System-on-chip designs are alternately included thereby electrically coupling the GPS unit 68, the controller 58 and the Bluetooth radios 60, 62 on a single chip.

Normal GPS positioning can be augmented by using GPS devices fitted with Bluetooth radios that communicate with the vehicles within an area through a single piconet.

A piconet is a collection of devices connected via Bluetooth technology in an ad hoc fashion. A piconet starts with two connected devices, such as a portable PC and cellular phone, and may grow to eight connected devices. All Bluetooth devices are peer units and have identical implementations. When establishing a piconet, however, one unit (in the present embodiment, the first Bluetooth radio 60) will act as a master and the other(s) Bluetooth radio(s) as slave(s) for the duration of the piconet connection. All devices have the same physical channel defined by the master device parameters. A piconet is also formed when the first Bluetooth radio 60 is on the first vehicle 12 and a second Bluetooth radio 62 is on the second vehicle 16.

The present invention is embodied with two Bluetooth radios 60, 62 wherein the first Bluetooth radio 60 generates discovery services and the second Bluetooth radio 62 generates range and synchronization. The Bluetooth radios 60, 62 are tightly coupled to the GPS unit 68 so Bluetooth can synchronize a system clock and transfer information rapidly. The Bluetooth radios 60, 62 must be equipped for range finding, synchronization and Doppler velocity measurements. The GPS-Bluetooth 14 can be either battery powered or externally powered.

The first Bluetooth radio 60 communicates with other GPS-Bluetooth on other vehicles and the second Bluetooth radio 62 communicates with ancillary devices. Important to note is that alternate embodiments include only one Bluetooth radio per vehicle. The present invention includes a GPS-Bluetooth Frequency Hopping Spread Spectrum (FHSS) methodology for communication between the GPS 68 and Bluetooth units 60, 62.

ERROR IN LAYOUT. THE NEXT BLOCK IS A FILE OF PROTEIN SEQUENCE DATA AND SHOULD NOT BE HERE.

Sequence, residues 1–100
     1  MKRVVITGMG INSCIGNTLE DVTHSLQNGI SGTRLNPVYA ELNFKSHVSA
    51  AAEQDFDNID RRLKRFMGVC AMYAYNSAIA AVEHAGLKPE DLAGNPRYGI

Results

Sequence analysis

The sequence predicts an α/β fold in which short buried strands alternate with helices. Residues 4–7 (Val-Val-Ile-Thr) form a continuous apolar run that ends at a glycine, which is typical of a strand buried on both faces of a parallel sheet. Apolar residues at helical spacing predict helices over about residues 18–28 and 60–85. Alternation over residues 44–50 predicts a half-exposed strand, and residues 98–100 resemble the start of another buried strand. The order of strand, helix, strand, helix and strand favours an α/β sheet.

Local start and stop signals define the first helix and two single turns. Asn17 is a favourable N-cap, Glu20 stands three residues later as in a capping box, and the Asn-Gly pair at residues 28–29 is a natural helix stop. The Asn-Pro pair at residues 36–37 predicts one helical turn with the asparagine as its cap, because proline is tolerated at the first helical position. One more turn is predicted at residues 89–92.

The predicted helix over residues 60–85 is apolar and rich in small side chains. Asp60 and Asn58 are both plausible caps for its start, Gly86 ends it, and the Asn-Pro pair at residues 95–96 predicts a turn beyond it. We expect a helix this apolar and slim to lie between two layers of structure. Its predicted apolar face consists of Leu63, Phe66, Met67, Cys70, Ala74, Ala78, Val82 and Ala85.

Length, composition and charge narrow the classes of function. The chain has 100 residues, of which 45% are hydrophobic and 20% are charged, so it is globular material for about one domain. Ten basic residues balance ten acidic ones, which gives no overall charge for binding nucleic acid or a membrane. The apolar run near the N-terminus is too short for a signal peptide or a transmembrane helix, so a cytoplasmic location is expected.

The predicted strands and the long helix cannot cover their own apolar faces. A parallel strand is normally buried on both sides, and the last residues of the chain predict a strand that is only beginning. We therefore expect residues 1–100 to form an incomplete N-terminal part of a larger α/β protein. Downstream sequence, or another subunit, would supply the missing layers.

The GPS-Bluetooth 14 is adapted for use with cars, trucks, boats, busses, bicycles, pedestrians and almost any vehicle that requires proximity measurements to vehicles or objects in the vicinity. The GPS-Bluetooth 14 can also be placed at stationary locations, such as intersections, docks, shopping malls, urban canyons, etc. to supplement normal GPS.

In one embodiment, a first Bluetooth radio 60 is attached to a GPS 68 to transfer data to other Bluetooth radios (e.g. a second Bluetooth radio 62) attached to the GPS 68 to support Differential GPS and interferometric methods such as Carrier-Phase Differential GPS.

GPS on multiple vehicles connected by Bluetooth radios share ephemeris information, speeding the cold start process for GPS receivers. If a GPS unit does not have current information on the location of the satellites 20, 22, 24 it normally takes 12.5 to 25 minutes to download the complete set from the satellites. A receiver equipped with Bluetooth connects with a similarly equipped receiver that has current ephemeris data and downloads it immediately.